Never light a fire in a field of dry brush and think you can control it. Pastors to this all to often in Churches as they try to wrestle congregations to their will. They find the dividing lines in the churches they serve, pick a side, and whip up their supporters into a consuming frenzy. It’s a very real temptation, and even the most well-meaning pastor will fall into the trap eventually. It’s what the pastor does next that really tells you about their character. If the pastor demonstrates enough holy self-awareness to take a step back and attempt to infuse some Christian charity into the situation (note, this does not mean, “stop actively pursuing Jesus”) it’s a sign of a pastor who is keenly aware of their own need to guard against the destructive power of sin. If the pastor keeps helping to sow division and anger then, well, you might be dealing with a demagogue who needs to be directly confronted.
I have to tell you, the scariest thing I’ve ever heard from a congregant is, “I’m on your side.” If you ever want to send me back to the drawing board to scrap every idea I have, say that statement to me. If people are on “my side” I have to think, “Are you sure we’re on Jesus’ side?” I don’t want to lose sight of Jesus so much that I spend all my time trying to obliterate the “enemies” in our midst. If I’m inspiring that desire in others, then we have a problem.
This doesn’t just happen in Churches though – any time you have a ideological division the temptation to whip up the crowd into a frenzy against the “enemy” is great. I’m watching this happen to the increasingly desperate McCain campaign. At some point in the past few weeks Senator McCain’s campaign decided to use the tactic of fear, uncertainty, and doubt against Senator Obama (mostly they used “fear”). It got vibrant responses from the crowd, but it appears they underestimated the power of stoking the flames of fear in a crowd already awash in rumor. As the crowds got increasingly furious, Senator McCain himself felt the need to step back and tell his supporters that fear isn’t the way forward. In response, his supporters booed. It appears the firestorm might be beyond containment.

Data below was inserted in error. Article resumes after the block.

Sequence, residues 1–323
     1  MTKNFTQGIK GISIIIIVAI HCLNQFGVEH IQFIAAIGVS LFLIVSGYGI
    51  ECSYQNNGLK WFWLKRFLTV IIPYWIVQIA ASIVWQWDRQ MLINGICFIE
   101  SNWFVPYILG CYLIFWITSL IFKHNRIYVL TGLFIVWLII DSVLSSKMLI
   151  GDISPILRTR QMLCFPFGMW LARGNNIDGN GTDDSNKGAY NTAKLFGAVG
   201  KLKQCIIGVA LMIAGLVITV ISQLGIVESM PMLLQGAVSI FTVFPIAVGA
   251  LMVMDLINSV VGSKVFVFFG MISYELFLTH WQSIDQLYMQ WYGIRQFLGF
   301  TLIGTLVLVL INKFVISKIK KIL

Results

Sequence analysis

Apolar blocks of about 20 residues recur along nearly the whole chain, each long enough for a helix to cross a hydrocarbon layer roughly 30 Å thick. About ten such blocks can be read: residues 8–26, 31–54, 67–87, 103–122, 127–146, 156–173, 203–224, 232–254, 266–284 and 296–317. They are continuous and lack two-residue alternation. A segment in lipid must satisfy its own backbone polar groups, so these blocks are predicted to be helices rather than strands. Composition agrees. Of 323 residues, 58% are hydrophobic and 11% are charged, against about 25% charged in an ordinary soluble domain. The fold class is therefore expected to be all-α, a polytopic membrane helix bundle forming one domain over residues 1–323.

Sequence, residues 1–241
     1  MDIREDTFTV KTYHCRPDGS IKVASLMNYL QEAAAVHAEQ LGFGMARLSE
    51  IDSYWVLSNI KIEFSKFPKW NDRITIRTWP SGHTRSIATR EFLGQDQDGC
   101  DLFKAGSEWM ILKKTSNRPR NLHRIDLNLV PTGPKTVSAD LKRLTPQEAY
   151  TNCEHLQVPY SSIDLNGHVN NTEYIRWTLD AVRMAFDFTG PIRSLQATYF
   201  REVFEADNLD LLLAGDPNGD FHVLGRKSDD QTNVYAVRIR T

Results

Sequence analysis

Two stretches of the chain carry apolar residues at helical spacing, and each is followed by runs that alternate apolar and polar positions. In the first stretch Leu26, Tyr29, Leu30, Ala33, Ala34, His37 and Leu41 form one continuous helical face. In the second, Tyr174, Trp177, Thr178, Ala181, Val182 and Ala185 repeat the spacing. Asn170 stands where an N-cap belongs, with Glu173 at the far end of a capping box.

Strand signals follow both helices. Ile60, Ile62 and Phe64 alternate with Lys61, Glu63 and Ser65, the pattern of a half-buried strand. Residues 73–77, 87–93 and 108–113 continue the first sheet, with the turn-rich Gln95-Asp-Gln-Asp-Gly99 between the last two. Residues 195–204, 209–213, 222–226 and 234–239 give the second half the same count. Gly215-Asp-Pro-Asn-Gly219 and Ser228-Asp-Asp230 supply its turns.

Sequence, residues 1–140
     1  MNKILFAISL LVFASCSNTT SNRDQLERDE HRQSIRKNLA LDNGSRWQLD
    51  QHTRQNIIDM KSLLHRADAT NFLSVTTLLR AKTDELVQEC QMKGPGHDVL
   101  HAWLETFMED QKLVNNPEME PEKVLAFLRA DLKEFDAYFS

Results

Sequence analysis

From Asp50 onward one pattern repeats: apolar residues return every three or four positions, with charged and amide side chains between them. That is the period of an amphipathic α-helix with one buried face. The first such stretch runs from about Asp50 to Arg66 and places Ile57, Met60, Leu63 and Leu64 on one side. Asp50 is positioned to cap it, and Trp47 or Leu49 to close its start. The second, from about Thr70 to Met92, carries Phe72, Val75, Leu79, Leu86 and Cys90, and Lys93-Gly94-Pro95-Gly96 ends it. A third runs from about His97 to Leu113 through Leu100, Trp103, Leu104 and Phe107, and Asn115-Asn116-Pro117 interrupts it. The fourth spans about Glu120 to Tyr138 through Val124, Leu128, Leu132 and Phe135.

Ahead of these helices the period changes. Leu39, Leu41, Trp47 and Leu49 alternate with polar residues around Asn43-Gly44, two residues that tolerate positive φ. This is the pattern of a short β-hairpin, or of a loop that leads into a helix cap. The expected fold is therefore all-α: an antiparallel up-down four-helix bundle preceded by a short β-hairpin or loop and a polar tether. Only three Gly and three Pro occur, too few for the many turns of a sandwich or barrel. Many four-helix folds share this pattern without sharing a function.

I learned something about Senator McCain in the last several days. In a moment of desperation he chose a dangerous tactic to use, this is a truth that needs to be spoken. Yet, I also saw that he is someone who is aware of the world enough to see how, in his passion to win, he was fanning flame of destruction. I saw someone who was willing to be burned by the very flames he helped light because his campaign had gone on to the path of destruction. Maybe he backed off to save his own name, but at least he showed the wisdom to try.
In this episode, however, Senator McCain learned a terrible lesson. Once you unleash the spirit of fear, you become a after-thought to your “supporters.” You no longer matter, all that matters is devouring the “enemy,” and if you have to be consumed for that to happen, it won’t bother the mob one bit.
In the Church, the Spirit works to wake the mob to it’s own sin – so that seeds of Christian charity can take root. Forgiveness and grace can prevail in the Church because Jesus works to make it so. In politics, we have no such assurance – and, as the mob begins to burn it’s own candidate, be sure to say a prayer that grace and truth might yet prevail.